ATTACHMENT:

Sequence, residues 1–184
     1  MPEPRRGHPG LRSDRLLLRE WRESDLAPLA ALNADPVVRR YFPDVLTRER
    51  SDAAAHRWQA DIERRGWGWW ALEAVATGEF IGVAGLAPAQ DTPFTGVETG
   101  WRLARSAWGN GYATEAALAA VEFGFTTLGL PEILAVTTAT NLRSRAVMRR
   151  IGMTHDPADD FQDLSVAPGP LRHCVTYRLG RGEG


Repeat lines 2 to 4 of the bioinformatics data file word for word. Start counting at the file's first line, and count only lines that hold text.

     1  MPEPRRGHPG LRSDRLLLRE WRESDLAPLA ALNADPVVRR YFPDVLTRER
    51  SDAAAHRWQA DIERRGWGWW ALEAVATGEF IGVAGLAPAQ DTPFTGVETG
   101  WRLARSAWGN GYATEAALAA VEFGFTTLGL PEILAVTTAT NLRSRAVMRR